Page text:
[Cerowrt-devel] performance numbers from WRT1200AC (Re: Latest build test - new sqm-scripts seem to work; "cake overhead 40" didn't)

Dave Taht dave.taht at gmail.com
Thu Jun 25 16:13:14 EDT 2015

On Thu, Jun 25, 2015 at 2:12 AM, Mikael Abrahamsson <swmike at swm.pp.se> wrote:
> On Wed, 24 Jun 2015, Dave Taht wrote:
>> From what I see here you are rarely, if ever, engaging fq_codel
>> properly. Latencies are pretty high. In particular, I would suspect
>> you are hitting offloads hard, and the current (fixed in linux 4.1)
>> codel drop algorithm stops dropping below "maxpacket", which was meant
>> in the ns2 code to be a MTU, but in the linux code ended up being a
>> TSO sized (64k!) packet.
>> tc -s qdisc show # will show the maxpacket.
> http://swm.pp.se/aqm/qdisc-show.txt

Ugh. 64k maxpacket. I did not even know that was possible until I saw
it (GRO is usually for tcp acks, and peaks at 24k or so).

I will check to see if openwrt backported that crucial codel patch. Or
we can switch sqm "simplest" to use tbf, or we can do cake´s

> I discovered also that I wasn't running ECN, I had set tcp_ecn = 2 on the
> linux box. All the tests done in
> http://swm.pp.se/aqm/flent-mikabr-150625-1.tar are now done with ECN
> working, without iperf3 running, and with and without SQM, but with default
> offload setting.
> Also, now iperf3 says "0 packet lost" when I use that.

cool. :) Your router has it off, too, and if you plan to use it for
other things than routing, you might want to turn it on (gleaned from
your metadata, thx!)

>> 2) Please run your flent tests with -x --disable-log
> Done.
>> Use -t "title" to differentiate between variables under test.
> Done.
>> 3) I also tend to use flent's --remote-metadata=root at your_openwrtbox
>> to get the stats on that box into the metadata. You have to add your
>> local .ssh/id_rsa.pub key to
>> your_openwrtbox:/etc/dropbear/authorized_keys file to do this.
> Done.

Unfortunately the core piece of metadata I wanted from the router was
the qdisc statistics. Didnt parse. Will file bug.

>> 4) With all that in hand, sticking up a tarball of the results makes
>> for easy plotting of various other graphs, and using the flent-gui,
>> you can combine results from each run easily, also.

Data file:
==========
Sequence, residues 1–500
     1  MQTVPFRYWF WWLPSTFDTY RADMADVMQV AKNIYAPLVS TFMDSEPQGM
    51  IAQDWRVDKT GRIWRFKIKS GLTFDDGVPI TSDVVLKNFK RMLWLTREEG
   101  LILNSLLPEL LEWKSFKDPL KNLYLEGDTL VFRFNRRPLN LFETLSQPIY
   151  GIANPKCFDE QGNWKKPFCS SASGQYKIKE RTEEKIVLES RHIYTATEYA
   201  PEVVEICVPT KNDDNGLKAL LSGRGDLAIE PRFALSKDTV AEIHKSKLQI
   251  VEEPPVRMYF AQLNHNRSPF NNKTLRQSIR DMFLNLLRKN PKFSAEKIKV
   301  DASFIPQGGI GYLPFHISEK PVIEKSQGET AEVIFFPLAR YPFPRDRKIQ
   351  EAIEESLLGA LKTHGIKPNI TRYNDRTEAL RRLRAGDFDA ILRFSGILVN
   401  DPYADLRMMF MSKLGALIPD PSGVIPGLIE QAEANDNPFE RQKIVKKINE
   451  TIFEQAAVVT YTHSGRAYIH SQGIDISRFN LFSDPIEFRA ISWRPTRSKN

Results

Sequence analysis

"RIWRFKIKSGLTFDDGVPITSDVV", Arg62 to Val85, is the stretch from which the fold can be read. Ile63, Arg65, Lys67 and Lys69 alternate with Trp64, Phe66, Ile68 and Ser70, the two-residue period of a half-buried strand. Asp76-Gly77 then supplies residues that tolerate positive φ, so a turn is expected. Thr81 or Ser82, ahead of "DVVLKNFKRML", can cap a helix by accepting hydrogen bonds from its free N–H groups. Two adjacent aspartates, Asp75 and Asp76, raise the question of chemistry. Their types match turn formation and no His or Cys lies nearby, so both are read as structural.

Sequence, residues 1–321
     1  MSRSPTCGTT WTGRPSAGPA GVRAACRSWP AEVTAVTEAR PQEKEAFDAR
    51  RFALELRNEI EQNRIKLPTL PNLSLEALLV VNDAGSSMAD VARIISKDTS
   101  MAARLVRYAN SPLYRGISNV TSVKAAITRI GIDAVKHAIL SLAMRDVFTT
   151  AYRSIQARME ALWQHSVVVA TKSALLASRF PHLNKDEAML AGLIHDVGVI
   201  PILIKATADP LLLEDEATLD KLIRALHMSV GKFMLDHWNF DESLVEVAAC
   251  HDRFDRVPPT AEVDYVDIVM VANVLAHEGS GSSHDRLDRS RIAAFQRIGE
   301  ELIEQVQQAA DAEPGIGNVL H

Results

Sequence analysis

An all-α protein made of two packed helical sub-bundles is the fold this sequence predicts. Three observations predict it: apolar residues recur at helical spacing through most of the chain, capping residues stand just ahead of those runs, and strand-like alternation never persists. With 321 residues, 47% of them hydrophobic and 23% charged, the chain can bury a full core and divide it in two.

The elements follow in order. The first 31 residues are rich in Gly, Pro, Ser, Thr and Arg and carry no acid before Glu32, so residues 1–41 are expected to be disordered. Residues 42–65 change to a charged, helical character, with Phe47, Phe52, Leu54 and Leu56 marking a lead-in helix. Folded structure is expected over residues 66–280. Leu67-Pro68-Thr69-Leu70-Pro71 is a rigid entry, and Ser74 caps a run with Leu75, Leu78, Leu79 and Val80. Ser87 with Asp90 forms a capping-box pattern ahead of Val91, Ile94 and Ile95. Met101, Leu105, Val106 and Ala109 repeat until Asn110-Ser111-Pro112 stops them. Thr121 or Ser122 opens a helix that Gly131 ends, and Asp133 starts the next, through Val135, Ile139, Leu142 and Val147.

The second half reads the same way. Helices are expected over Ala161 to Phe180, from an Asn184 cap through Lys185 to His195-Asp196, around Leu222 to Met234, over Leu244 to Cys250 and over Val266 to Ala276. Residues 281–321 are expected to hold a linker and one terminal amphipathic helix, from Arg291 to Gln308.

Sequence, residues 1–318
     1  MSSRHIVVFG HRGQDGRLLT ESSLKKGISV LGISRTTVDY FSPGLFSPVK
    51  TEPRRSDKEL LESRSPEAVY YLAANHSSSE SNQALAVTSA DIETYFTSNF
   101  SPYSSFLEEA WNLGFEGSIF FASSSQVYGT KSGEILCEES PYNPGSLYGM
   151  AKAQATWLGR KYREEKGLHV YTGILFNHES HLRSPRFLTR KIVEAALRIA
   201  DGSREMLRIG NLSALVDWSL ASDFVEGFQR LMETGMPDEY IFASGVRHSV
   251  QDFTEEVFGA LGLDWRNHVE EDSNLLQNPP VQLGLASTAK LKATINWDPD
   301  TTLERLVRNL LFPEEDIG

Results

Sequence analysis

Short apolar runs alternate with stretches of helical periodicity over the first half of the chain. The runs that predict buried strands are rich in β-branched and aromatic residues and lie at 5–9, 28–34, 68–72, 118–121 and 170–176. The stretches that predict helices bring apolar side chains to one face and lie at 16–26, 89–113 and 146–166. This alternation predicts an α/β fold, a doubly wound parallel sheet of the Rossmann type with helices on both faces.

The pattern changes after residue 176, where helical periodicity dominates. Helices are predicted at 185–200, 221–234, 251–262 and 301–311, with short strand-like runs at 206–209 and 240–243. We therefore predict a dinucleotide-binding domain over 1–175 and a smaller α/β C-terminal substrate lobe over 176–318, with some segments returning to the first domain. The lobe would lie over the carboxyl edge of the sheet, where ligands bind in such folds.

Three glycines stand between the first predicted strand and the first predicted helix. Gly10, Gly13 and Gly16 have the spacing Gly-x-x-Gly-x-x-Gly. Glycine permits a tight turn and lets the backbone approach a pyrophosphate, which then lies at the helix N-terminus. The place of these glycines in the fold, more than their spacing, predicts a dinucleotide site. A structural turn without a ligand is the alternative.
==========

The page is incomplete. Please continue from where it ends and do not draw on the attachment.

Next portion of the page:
> See above.
>> 5) try disabling offloads on all interfaces on the router (or running
>> cake)
> This is my next thing to test, I have some other things I need to try first.
>> My usual suite of tests is rrul, rrul_be, tcp_1up, tcp_1down, and
>> tcp_2up_delay.
> Done.
>> and rtt_fair (if you have more than one target server available)...
>> all without the iperf stuff....
> I do not have another machine readily available here at home.
>> 6) I am pretty interested as to what happens *without* sqm at the max
>> forwarding rate with fq_codel engaged on all these tests.
> This is included. Why did you want to do this test? Just to see if the
> WRT1200AC can do wirespeed forwarding with fq_codel on? Because with the
> setup I have, I don't see how there can be any buffering going on because
> it's a single gig port both in and out.

Well, it was good to see fq_codel actually engaging on a few of your
hardware queues. There are plenty of reasons why your egress might not
match your ingress periodically and vice versa.

To quote from the BQL commit: ( https://lwn.net/Articles/454378/ )

"Hardware queuing limits are typically specified in terms of a number
hardware descriptors, each of which has a variable size. The variability
of the size of individual queued items can have a very wide range. For
instance with the e1000 NIC the size could range from 64 bytes to 4K
(with TSO enabled). This variability makes it next to impossible to
choose a single queue limit that prevents starvation and provides lowest
possible latency.